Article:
The SUN DAY Campaign is a non-profit research and educational organization founded in 1992 to aggressively promote sustainable energy technologies as cost-effective alternatives to nuclear power and fossil fuels. Founded in 1978, the Nuclear Information and Resource Service (NIRS) provides information and analysis on energy and radioactive waste, and monitor policy developments on the US national and state levels.

October 9th 2017
ASEAN Eyes Clean Energy To Fuel Economic Growth And Build Climate Resilience

Governments of ASEAN and the International Renewable Energy Agency (IRENA), have established a strategy to accelerate the region’s transition to low-carbon, sustainable energy and build its climate resilience. “Increasing investment in renewable energy across Southeast Asia’s growing populations has significant social and economic benefits across the region, liberating them from expensive fossil fuel imports while boosting economic growth, supporting energy security, job creation and national resilience,” said Adnan Z. Amin, co-chair of the Dialogue.

September 15th 2017
Ministerial Meeting Gathers in Italy To Scale-Up Geothermal Energy Worldwide 

Leaders and ministers from more than 25 governments will meet in Florence, Italy on 11 September, to accelerate the global adoption of geothermal energy. The Global Geothermal Alliance (GGA) meeting is the largest such ministerial gathering dedicated to geothermal energy development. Geothermal energy today accounts for just 0.3 percent of globally installed renewable energy capacity. However – once start-up costs are met – it is one of the lowest-cost and most reliable renewable energy sources available. The global potential for geothermal is estimated to be in the region of 200 GW.

October 16th 2017
Uganda Inaugurates Breakthrough Tororo PV Plant. A Future Model For Africa?

Production has commenced at the Tororo PV power plant; which, with 16 GWh of renewable energy generated annually, will cater for the energy requirements of 35,838 people and help reduce CO2 emissions by 7,200 tons. Overall, $19.6 million was invested to build the 10 MWp plant, with the engagement of several major organisations including KfW and FMO Development Banks, the World Bank and the EU. Attilio Pacifici, EU Ambassador said, “One of the key objectives of this plan is to encourage private sector participation in higher risk investments and we’re happy to demonstrate that Uganda is well positioned to be successful and a good model for replication.”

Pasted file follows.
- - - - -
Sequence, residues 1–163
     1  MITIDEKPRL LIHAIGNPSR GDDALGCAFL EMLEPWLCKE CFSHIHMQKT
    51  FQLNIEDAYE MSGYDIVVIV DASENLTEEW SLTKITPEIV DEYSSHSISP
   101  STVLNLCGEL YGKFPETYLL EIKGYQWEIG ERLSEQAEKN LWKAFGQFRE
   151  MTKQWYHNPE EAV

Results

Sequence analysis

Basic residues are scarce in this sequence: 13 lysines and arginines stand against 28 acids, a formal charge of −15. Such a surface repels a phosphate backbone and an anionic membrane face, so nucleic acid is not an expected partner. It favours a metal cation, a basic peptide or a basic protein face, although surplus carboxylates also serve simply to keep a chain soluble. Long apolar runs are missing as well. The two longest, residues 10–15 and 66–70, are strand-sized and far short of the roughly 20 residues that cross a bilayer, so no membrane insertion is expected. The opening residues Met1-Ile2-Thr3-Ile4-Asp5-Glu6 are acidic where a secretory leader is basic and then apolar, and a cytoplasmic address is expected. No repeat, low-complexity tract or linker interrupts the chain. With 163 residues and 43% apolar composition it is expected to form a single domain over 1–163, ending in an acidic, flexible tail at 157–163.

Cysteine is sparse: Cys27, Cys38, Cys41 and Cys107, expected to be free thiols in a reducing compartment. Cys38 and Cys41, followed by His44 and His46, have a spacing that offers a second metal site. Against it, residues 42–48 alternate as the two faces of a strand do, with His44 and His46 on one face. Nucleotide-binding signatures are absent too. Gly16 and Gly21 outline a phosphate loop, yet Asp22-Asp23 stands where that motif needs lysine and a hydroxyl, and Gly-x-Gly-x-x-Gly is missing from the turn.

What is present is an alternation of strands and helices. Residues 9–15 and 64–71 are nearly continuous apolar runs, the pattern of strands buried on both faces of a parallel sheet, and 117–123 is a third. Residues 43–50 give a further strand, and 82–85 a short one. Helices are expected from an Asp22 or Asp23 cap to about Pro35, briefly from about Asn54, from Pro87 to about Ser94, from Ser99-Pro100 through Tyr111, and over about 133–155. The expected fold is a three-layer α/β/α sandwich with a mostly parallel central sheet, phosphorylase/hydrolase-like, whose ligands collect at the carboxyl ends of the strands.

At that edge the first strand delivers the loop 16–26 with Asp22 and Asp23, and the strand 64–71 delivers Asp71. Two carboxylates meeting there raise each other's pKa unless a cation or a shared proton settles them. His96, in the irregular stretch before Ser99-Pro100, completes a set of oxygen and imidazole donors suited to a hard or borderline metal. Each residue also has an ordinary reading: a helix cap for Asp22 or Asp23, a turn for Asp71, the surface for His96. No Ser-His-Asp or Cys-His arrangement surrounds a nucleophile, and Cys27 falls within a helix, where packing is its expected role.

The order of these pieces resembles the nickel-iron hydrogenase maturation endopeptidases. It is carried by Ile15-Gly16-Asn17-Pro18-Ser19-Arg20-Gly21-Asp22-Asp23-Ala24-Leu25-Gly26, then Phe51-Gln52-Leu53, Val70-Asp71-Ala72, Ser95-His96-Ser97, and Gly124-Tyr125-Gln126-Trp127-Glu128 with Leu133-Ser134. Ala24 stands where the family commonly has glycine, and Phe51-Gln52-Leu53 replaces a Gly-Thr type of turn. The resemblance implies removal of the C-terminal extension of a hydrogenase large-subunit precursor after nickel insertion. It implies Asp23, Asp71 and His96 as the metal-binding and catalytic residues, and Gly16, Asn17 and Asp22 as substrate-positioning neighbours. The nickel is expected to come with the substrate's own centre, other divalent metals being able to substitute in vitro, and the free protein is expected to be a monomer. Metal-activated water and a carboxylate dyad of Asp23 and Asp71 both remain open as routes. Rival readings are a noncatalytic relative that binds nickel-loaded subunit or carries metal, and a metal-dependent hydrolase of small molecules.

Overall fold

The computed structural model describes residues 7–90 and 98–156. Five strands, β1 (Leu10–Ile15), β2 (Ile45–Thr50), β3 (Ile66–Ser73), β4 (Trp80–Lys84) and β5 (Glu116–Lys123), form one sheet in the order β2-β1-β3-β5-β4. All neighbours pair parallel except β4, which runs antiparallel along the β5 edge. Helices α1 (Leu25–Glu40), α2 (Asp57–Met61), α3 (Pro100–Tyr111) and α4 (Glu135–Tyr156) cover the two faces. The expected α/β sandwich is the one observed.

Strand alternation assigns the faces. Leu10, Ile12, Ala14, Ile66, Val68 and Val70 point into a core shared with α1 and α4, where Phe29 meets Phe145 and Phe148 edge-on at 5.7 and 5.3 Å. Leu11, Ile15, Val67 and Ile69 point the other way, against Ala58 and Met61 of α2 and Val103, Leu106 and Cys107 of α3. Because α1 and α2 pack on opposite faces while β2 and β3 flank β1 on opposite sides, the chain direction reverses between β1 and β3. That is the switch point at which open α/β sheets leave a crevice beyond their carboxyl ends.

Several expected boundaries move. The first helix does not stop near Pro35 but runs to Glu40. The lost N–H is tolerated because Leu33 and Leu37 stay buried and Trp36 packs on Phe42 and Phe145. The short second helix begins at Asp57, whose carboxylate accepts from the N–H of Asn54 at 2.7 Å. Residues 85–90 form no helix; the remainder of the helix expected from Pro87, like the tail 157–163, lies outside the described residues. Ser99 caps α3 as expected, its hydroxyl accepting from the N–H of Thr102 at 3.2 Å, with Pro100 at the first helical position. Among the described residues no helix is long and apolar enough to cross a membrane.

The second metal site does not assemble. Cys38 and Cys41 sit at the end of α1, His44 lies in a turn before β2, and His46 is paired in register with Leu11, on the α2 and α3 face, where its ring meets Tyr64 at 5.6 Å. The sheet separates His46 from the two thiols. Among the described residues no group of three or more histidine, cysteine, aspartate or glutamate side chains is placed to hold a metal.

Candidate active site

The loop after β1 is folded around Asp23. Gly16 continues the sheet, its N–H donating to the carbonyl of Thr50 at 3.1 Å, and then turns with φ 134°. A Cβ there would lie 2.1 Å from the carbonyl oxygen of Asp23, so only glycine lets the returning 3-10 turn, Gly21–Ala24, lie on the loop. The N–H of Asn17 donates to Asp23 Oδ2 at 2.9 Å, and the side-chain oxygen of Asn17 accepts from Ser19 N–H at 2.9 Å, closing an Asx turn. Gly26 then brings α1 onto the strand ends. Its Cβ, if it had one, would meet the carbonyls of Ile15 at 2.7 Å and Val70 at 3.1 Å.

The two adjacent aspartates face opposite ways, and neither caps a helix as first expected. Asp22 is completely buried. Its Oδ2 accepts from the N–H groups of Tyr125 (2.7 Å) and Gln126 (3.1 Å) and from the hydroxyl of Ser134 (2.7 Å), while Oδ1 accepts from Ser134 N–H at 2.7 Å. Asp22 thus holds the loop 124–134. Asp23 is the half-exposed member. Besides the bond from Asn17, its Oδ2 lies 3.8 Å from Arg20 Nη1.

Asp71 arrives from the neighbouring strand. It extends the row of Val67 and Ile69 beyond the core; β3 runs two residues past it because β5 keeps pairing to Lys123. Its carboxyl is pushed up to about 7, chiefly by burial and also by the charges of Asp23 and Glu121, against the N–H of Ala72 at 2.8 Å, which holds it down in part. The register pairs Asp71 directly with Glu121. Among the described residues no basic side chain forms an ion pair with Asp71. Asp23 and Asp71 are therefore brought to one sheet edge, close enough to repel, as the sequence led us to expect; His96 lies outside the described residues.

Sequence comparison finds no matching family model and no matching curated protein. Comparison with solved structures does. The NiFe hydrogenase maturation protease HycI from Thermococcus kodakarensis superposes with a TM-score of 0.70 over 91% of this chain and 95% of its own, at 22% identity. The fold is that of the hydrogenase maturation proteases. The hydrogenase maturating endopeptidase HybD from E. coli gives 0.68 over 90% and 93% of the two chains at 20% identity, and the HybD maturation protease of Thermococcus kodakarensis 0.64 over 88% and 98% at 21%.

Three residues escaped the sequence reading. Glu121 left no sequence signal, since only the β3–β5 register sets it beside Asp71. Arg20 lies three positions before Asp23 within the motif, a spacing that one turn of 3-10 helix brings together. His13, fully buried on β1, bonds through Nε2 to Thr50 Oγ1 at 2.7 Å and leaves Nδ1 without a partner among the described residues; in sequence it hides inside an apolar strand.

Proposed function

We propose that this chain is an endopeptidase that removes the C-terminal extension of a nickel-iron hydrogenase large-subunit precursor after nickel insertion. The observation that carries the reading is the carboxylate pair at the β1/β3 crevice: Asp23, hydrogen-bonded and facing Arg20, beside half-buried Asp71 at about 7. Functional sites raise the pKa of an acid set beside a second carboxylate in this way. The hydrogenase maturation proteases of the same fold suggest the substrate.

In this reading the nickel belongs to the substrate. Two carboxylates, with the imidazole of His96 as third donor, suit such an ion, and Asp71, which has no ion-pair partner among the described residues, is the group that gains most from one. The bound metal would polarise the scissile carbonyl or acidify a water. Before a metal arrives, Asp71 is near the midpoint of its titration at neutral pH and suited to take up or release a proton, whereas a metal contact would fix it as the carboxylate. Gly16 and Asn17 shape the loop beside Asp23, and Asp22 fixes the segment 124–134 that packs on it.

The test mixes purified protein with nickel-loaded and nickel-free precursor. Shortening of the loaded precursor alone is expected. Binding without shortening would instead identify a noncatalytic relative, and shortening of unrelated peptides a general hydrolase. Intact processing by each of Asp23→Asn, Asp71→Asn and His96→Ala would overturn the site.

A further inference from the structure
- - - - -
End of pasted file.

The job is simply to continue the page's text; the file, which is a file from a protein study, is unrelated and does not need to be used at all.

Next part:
October 11th 2017
Engie Wins 832 MW Hydropower Plant Orders In Brazil, Strengthens Market Lead

During the auction held recently by the Brazilian Federal Government, ENGIE won concession contracts for two hydropower plants (HPP) for a total amount of around €950m (BRL3.531bn). The Jaguara HPP, located in Rio Grande (between the states of Minas Gerais and São Paulo), with a 424 MW installed capacity and the Miranda HPP, located in Rio Aragui, in Indianápolis (Minas Gerais State), with a 408 MW installed capacity. The concession contracts are signed for a 30-year period. They raise the installed capacity of ENGIE from 10,290 MW to 11,122 MW and reinforce ENGIE’s position as the largest private energy producer in Brazil.

October 17th 2017
Grids Integration, Energy Networks Boosted By Distributed Generation Growth

Renewable energy has continued to develop at ever increasing rates, with remarkable growth seen since the start of this decade. The pace of the energy transition is driving innovation and growth in related sectors. For energy networks and grids integrating small gas turbines, micro-turbines, fuel cells, biomass, small hydropower, wind and solar energy; distributed generation installation provides significant solutions in the restructured electricity regime. This is particularly so, where there is a larger uncertainty in demand and supply.


 

   

PS_Wind Energy_Masters_171